|Charlie Mariano is far more than an internationally successful saxophonist; he has been listed amongst the legends of the trade for a long time: The musician, born on Nov. 12, 1923, began his career as early as 1941 as a co-musician in professional show bands and worked with quite a number of jazz icons during his further career. If you want to visualise the actual duration of his active life, you just have to become aware of the fact that Mariano is one of the last contemporary witnesses of the bebop era. For example, he worked with Stan Kenton, Dizzy Gillespie, but also with McCoy Tyner during the 50s. Charlie Mariano married pianist Toshiko Akiyoshi and together with her founded a quartet in 1960 that went on tour in Japan and the USA. In 1962, he played with Charles Mingus and accompanied him on the album The Black Saint and The Sinner Lady. During the late 60s, he played with Astrud Gilberto. At the beginning of the 70s, he spent several months in India to study a South-Indian wind instrument, the nagaswaram. His cooperation with Indian musicians, for example with the project Bangalore (INT 3246 2), continues until this day. His involvement with the United Jazz & Rock Ensemble, in Jasper van’t Hof’s Pork Pie (e.g. Operanoia, INT 3158 2) show his ability to integrate as well as his individuality. |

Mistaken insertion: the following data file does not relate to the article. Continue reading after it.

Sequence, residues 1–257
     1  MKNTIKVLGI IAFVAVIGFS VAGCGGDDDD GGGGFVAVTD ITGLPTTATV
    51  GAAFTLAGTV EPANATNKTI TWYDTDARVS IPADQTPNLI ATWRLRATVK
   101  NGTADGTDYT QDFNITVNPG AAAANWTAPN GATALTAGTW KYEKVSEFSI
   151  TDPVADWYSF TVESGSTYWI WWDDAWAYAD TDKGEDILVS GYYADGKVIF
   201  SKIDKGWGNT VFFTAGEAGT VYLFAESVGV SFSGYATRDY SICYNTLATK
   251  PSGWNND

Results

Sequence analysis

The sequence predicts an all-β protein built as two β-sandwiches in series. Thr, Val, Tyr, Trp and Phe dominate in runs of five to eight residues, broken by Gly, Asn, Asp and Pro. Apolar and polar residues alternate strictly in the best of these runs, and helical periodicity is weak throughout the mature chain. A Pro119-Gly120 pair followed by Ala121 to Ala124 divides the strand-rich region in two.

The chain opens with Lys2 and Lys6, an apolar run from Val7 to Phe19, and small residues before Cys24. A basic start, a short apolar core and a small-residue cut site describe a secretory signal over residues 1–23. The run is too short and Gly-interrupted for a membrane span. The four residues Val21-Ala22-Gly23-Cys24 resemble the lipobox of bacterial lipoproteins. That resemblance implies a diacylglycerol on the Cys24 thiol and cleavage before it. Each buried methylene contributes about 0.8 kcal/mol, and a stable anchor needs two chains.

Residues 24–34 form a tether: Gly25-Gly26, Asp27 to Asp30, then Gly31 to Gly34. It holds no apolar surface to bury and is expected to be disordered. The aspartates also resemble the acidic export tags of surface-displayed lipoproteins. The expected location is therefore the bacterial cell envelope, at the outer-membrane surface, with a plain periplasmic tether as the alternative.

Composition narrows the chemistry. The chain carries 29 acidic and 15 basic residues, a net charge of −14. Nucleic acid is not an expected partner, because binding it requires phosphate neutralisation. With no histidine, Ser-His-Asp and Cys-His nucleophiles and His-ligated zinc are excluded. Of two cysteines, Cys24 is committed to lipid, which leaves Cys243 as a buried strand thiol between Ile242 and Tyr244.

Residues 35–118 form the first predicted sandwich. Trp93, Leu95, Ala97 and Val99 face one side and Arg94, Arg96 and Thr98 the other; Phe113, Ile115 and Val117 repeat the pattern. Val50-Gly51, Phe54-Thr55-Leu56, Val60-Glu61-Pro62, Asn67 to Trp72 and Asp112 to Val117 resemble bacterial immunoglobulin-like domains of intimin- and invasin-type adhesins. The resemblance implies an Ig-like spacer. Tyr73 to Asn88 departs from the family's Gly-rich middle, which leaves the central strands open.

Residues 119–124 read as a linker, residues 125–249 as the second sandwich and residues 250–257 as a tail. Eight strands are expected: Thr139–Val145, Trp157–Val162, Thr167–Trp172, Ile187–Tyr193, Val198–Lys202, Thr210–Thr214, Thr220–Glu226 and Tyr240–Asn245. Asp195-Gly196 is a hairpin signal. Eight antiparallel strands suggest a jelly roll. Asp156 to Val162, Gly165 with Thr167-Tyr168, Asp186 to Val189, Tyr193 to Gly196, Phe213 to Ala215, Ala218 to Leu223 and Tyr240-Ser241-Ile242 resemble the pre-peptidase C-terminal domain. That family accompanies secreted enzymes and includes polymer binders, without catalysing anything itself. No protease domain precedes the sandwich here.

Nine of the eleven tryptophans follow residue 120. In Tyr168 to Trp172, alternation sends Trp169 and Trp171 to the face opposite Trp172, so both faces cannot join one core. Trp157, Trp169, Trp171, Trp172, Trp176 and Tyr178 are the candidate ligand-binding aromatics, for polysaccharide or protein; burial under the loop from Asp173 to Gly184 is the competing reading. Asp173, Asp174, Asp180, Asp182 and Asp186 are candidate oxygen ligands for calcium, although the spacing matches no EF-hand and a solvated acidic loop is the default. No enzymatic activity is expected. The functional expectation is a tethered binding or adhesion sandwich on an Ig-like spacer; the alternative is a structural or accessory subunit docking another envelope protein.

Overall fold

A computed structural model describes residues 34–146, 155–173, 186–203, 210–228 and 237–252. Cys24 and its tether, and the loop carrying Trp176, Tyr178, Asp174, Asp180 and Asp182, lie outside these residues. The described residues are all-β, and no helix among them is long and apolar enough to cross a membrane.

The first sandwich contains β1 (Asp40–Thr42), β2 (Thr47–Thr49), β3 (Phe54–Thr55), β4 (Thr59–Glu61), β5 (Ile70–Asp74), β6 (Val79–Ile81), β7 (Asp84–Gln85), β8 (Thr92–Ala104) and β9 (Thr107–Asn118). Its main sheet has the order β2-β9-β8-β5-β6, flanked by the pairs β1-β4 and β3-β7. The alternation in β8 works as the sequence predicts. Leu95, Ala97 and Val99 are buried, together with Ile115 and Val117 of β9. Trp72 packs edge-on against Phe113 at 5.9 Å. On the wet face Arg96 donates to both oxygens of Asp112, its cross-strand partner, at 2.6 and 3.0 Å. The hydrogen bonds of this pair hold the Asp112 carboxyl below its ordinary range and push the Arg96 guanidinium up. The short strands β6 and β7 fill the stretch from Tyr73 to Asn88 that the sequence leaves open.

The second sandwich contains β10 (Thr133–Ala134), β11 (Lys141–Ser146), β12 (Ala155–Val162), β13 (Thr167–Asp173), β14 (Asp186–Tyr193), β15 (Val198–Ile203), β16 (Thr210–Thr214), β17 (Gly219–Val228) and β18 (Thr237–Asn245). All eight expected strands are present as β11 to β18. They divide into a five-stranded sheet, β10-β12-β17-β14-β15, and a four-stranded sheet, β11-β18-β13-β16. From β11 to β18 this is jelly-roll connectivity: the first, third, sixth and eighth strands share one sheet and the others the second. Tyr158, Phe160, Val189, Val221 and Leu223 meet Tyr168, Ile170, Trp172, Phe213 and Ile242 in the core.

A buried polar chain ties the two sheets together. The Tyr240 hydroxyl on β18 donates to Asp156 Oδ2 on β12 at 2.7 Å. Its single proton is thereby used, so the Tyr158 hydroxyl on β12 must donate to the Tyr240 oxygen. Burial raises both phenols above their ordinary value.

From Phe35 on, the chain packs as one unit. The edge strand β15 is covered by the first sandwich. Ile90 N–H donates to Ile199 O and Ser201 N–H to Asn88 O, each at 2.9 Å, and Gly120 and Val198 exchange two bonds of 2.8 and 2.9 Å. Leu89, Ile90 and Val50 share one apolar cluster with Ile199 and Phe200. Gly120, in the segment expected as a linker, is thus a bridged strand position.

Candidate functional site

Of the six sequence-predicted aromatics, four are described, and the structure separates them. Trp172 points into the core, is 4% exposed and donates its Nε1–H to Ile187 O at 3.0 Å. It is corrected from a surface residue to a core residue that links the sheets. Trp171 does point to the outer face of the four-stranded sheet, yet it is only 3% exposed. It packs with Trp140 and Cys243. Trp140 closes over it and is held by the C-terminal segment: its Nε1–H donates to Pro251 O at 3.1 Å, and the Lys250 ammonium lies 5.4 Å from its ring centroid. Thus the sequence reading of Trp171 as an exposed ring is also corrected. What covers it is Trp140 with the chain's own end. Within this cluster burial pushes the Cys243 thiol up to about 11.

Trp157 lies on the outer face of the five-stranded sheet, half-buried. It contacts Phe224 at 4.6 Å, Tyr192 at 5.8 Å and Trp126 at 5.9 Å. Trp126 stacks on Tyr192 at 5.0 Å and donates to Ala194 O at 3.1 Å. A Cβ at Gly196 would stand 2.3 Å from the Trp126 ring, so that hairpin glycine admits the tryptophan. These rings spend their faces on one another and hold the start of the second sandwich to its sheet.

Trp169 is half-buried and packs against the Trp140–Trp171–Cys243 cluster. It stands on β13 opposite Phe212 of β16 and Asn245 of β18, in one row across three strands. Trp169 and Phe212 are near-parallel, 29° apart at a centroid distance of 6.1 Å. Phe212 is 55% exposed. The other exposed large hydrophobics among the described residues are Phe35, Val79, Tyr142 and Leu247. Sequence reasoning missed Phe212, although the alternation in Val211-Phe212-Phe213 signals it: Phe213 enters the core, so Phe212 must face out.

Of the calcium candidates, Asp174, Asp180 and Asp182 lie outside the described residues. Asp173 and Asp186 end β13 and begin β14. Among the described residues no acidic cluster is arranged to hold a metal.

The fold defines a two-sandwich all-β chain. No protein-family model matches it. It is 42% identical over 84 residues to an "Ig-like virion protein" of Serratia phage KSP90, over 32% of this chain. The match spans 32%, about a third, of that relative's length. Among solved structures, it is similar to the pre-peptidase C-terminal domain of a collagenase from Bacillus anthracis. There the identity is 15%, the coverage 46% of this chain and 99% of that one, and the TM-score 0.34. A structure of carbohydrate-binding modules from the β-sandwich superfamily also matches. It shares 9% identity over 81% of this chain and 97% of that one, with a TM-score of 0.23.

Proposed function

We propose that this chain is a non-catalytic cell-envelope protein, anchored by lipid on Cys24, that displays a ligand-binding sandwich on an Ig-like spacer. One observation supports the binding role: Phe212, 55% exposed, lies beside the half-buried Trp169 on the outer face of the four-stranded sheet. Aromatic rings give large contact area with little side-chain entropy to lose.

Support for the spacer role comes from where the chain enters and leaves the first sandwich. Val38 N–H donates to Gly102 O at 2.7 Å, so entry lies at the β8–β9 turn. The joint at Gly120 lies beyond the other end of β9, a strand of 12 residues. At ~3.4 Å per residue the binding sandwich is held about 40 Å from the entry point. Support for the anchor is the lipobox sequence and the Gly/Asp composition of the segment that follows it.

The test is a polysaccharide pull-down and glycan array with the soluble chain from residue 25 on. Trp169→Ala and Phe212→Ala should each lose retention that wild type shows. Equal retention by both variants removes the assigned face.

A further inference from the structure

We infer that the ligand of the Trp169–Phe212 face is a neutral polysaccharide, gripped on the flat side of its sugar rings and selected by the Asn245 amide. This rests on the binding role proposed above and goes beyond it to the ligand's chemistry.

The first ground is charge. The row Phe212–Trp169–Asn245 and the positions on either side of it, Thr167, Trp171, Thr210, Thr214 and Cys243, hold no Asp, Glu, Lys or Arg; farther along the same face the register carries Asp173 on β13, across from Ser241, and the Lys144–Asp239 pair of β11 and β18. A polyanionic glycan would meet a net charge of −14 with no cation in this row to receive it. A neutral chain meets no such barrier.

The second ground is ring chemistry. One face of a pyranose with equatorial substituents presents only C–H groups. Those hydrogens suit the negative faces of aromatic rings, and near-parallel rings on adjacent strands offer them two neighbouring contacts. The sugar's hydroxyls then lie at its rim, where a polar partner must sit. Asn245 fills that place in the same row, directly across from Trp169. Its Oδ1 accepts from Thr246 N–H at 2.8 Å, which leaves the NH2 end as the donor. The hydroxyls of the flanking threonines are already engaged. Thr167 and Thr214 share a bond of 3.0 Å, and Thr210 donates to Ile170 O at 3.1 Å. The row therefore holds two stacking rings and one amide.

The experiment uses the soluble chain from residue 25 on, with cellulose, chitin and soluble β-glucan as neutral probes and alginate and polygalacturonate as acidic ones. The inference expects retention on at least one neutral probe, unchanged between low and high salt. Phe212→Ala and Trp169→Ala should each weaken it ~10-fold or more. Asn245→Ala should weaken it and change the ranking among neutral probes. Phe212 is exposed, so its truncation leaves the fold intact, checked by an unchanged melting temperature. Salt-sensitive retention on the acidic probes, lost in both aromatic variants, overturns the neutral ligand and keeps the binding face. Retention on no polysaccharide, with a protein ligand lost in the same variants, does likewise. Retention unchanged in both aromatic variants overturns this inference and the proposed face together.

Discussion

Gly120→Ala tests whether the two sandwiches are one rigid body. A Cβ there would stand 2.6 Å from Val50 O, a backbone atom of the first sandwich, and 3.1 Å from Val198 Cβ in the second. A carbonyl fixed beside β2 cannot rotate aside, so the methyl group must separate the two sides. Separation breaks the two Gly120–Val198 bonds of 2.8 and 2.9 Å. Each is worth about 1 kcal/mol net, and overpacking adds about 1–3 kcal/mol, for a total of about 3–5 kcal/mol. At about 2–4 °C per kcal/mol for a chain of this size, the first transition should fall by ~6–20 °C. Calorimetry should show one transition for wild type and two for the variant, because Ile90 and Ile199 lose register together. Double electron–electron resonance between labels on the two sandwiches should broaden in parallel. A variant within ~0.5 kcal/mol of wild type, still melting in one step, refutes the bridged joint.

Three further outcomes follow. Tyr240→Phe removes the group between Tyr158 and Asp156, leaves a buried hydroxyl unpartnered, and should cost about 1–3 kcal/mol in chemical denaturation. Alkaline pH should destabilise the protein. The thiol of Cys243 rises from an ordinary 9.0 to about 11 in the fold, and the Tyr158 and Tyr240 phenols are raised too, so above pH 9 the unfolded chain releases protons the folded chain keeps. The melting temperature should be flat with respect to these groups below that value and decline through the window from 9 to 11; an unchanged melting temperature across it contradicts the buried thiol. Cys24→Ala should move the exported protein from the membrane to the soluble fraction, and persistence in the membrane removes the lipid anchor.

However, Charlie Mariano did not lend his unique sound to jazz or so-called world music productions alone; since the beginning of the 80s, renowned representatives of popular music (e.g. Nena, Konstantin Wecker, Herbert Groenemeyer and many others) also have called him when an expressive saxophone was needed. You can in fact assume that practically everyone in these parts has already listened to his play, either consciously or unconsciously.
The secret of his success is certainly his enormous versatility, in addition to his instrumental virtuosity and his original, distinctive sound that has its origin in Mariano’s constant openness and curiosity towards any kind of musical style and form.